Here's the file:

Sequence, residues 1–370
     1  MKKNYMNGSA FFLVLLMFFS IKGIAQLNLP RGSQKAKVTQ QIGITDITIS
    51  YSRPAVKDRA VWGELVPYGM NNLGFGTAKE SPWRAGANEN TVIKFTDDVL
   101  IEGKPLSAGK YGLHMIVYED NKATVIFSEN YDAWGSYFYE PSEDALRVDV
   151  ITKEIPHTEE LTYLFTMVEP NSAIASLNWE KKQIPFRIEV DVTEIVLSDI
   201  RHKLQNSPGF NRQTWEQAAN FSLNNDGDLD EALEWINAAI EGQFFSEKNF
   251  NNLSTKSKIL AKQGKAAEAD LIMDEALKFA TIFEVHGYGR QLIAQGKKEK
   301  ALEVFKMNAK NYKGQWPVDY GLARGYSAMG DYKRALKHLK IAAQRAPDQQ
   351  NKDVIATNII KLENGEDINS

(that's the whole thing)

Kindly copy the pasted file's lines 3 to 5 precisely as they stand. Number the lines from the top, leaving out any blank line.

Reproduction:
    51  YSRPAVKDRA VWGELVPYGM NNLGFGTAKE SPWRAGANEN TVIKFTDDVL
   101  IEGKPLSAGK YGLHMIVYED NKATVIFSEN YDAWGSYFYE PSEDALRVDV
   151  ITKEIPHTEE LTYLFTMVEP NSAIASLNWE KKQIPFRIEV DVTEIVLSDI